Greetings, Bleatings, and Baobabs
I’m sitting on a rooftop deck, above a row of bougainvilleas, below an enthusiastic blue sky, to the left of a cacophonous chorus of goats. My laptop screen is flapping in the wind, my hair is blowing into my eyes. Everything up here, including me, wears a coat of desert dust.
This is Dakar, the capital of Senegal. I’m loving it.
Thanks to a happy alignment of stars, this will be my home for the next semester. The happily aligned stars:
- The company my boyfriend Ben works for is based here.
- I’m getting a fellowship towards work on my dissertation, which means I don’t have to be teaching.
- I got special permission from my department to be away from campus for a semester.
So this is a business trip, and I’m planning to spend a sizeable chunk of it on research. But that leaves plenty of time for exploration. I hope to chronicle that exploration here, in a fortnightly¹ series of blog posts called “Dakar Coddiwomples.”
Urban Dictionary tells us:
Coddiwomple (v.) To travel in a purposeful manner towards a vague destination.
The entry is only one year old, and there are no citations. It’s a made-up word — but then all words are. Doubly made up: I’ve nouned the verb.
Coddiwompling is deciding to move to a far-off country before you’d even identified it on the map (it’s the C-shaped one that forms the westernmost tip of Africa, by the way). It’s (I hope) meandering through a series of blog posts about your miscellaneous adventures in this country. And writing a PhD thesis… well, that’s one hell of a coddiwomple too.
Out of the airplane window, a wide glowing glory of a sunrise. The desert sand diffuses the light, carries it to the north and south, painting a broad band across the horizon. Ben tells me this is common here. I don’t dare to believe him.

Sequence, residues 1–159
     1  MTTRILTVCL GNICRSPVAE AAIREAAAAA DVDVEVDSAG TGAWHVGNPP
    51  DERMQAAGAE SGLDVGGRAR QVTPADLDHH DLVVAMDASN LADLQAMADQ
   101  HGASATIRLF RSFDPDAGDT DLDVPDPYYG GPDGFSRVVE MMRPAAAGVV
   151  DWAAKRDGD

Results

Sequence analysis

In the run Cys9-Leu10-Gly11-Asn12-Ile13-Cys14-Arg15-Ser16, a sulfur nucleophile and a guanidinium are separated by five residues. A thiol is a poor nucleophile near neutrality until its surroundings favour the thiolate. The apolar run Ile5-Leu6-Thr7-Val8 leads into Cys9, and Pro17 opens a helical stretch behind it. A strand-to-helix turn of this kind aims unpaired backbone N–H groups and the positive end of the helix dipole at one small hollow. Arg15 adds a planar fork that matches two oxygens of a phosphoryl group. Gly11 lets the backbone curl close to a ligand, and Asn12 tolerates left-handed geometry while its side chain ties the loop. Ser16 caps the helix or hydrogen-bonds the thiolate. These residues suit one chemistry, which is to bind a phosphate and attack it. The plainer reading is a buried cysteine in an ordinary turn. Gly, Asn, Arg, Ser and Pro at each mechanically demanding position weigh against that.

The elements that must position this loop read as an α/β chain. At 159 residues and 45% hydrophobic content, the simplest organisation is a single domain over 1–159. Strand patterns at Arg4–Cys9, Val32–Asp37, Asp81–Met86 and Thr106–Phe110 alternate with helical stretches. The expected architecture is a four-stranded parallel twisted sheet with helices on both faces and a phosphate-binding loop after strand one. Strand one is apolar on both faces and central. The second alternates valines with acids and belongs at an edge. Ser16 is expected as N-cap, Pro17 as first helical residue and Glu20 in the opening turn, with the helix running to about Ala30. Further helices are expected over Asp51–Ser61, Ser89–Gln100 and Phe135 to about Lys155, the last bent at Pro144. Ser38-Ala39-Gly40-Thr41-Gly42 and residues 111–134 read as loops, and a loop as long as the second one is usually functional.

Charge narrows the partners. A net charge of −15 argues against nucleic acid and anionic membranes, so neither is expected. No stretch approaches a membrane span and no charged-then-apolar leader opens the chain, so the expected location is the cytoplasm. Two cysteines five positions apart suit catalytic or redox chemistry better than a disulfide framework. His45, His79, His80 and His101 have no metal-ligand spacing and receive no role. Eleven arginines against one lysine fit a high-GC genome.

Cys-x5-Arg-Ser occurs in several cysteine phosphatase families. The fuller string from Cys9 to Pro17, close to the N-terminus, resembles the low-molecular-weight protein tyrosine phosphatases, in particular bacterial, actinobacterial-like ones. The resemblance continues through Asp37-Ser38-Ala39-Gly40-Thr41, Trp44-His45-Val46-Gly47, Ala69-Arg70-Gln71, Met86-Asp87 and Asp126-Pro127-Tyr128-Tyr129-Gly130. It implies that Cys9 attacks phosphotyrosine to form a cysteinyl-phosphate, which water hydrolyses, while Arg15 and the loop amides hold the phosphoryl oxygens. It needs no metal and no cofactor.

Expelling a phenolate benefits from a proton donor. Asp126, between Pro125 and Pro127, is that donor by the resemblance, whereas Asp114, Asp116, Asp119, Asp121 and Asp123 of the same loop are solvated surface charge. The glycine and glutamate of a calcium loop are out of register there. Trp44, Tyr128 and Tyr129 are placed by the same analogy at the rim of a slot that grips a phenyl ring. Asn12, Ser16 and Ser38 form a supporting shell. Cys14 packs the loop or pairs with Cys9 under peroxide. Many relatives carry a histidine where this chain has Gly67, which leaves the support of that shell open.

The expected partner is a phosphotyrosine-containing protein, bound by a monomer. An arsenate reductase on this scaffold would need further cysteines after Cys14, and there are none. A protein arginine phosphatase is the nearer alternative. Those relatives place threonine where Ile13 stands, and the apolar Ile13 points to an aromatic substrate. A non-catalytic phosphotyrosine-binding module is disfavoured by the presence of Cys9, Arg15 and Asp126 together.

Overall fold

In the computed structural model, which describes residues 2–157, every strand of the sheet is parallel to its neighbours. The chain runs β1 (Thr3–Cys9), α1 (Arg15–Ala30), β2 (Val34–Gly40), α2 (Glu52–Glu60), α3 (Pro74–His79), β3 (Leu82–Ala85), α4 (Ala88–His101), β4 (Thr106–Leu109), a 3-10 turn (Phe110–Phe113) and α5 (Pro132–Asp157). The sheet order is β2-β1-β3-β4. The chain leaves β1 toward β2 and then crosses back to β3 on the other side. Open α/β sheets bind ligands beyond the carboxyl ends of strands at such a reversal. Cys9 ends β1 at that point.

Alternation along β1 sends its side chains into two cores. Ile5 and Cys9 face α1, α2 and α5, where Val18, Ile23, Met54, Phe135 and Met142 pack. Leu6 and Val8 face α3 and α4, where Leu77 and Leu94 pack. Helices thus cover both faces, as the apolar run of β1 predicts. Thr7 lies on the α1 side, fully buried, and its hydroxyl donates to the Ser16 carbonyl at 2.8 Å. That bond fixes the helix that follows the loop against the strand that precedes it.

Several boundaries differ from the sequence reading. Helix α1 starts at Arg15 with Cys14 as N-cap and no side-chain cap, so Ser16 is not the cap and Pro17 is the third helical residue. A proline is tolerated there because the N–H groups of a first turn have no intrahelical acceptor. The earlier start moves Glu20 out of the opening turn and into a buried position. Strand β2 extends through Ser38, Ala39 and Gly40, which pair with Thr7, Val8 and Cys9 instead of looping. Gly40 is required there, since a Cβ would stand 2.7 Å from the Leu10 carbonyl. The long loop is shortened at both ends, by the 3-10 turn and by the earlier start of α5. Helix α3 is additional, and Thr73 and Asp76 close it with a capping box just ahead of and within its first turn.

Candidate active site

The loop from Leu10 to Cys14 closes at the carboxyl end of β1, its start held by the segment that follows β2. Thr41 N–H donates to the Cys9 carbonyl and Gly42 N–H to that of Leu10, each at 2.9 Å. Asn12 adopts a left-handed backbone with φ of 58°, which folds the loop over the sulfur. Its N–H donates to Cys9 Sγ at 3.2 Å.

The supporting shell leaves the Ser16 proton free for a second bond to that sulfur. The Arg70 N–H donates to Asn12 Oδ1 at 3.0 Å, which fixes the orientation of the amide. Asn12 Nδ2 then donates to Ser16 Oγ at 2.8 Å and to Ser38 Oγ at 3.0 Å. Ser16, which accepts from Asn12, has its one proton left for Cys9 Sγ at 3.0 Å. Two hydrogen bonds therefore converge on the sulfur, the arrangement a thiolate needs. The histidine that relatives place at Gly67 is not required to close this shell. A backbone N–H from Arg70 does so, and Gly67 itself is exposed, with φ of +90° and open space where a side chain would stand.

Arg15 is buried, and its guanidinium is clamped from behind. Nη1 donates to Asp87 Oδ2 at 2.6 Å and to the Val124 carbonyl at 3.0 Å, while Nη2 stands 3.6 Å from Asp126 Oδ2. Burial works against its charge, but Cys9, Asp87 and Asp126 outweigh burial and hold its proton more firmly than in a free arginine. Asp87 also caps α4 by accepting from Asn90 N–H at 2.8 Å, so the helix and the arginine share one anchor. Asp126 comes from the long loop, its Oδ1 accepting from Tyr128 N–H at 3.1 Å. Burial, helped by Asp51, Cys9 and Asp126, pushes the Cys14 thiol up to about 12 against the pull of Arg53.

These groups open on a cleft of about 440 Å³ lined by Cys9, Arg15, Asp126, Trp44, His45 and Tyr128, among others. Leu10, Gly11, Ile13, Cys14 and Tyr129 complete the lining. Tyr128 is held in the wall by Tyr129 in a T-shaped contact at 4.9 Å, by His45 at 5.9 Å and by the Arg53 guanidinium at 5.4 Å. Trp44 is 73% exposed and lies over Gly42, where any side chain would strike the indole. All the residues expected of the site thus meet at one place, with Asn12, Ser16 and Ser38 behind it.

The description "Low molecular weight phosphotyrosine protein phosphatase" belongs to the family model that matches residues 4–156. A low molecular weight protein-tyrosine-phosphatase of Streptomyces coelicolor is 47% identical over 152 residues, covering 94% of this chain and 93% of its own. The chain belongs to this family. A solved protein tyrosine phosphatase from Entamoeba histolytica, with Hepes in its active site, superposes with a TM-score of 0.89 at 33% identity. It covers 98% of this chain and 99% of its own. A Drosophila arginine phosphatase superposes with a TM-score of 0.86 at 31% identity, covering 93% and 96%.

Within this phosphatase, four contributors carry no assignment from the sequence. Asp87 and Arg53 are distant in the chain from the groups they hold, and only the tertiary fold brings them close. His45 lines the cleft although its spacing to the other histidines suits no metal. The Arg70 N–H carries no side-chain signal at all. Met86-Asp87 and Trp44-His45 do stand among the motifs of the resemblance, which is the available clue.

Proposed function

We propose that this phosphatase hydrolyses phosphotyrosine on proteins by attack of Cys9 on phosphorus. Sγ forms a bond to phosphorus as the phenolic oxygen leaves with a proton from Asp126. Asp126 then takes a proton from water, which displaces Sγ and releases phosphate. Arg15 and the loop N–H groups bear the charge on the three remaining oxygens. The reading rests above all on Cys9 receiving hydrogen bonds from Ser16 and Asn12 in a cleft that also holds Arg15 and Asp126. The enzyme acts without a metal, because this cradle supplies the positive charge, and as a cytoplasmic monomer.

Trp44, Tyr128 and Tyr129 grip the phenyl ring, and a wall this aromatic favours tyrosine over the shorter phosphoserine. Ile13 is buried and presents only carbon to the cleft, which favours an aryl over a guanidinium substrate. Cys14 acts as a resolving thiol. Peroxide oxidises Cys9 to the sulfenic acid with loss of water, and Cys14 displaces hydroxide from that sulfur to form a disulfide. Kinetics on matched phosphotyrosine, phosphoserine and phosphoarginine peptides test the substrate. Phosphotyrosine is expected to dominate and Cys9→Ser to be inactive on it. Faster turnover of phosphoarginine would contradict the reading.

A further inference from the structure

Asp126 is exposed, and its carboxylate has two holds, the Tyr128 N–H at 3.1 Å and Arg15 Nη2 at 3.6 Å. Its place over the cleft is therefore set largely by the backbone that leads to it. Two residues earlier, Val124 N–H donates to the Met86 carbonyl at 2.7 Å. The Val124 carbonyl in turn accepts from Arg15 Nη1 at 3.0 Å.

Our taxi’s trunk is held shut with a promise and a bit of string. When I reach for the seatbelt, Ben shoots me an amused look. I adjust my expectations, and when I close my door and a centimeter-wide gap remains between it and the side of the car, I keep quiet.
Outside, fields of red dust give way to grasses. Trash is omnipresent, from colorful bits of plastic through abandoned cars. We pass several smoking trucks. They smell like they’re actually on fire.
The driver turns towards us. “Dakar no problem. Dakar nice.”
The grassland sprouts trees, with dense, crisply-cut, dark-green leaves. And then I spot ones with trunks like houses and scraggly, scrawny, squirmy branches. Awe-inspiring baobabs. (No photos for now, since I’m squeamish about taking pictures when observed e.g. by taxi drivers.)
Half an hour through the trip, the driver leans back and slams shut that half-open door.
Sometimes it’s a prolonged one-chord, single-pitch WAAAAAH. Sometimes it’s a duet: a high plaintive cry followed by a deep desparate rumble. Mostly it’s just an insistent, persistent series of screams.
This is how you welcome the coming dawn — if you’re a goat.
This is what you hear at 5 am, after an endless 3 hours of tossing and turning— if you’re me.
For the first four days in Dakar, I would consistently collapse in bed around 9–10 pm, only to wake with a start at 2 am.
This didn’t make any sense — 2 am is 9 pm Boston-time, just about late enough for me to be able to fall asleep. Why would I have no trouble sleeping at Bostonian 4 pm, only to startle awake just when you’d think it would be possible to fall asleep?
On the worst, goat-filled night, I gave up at 5, and got up to spend two hours writing nonsense masquerading as philosophy. Then, of course, I collapsed, and slept like a baby till noon.
Take San Diego, replace half of the palm trees with baobabs and 80% of the dogs with goats, and you basically have Dakar. (And make the people way poorer, I know.) The forecast is 70 F/20 C and sunny… for the next six months.
And there’s surfing. I spent some 8 months in San Diego and never got around to trying this quintessential SoCal sport. Here, we took a class on our second day.
Allez! Allez! Allez!/ Go! Go! Go!
The instructors at Malika Surf Camp cheered every time one of us managed to stand up on the surfboards.
I hit my face with the surfboard at a point, but mostly I was a graceful first-time surfer. The water was warm and turquoise, the waves — beginner-friendly. I felt exquisitely balanced. As I walked my surfboard back for another push from the instructor, I looked at my surfing companions, then out towards the horizon.
Maybe I’d never had a year quite as good as this one.
Next surfing class: tomorrow.
 I was going to say “biweekly,” but apparently that’s ambiguous between “every two weeks” and “twice a week”… Also, if I stay super excited about Dakar and blogging, I might end up writing more frequently. No promises, though!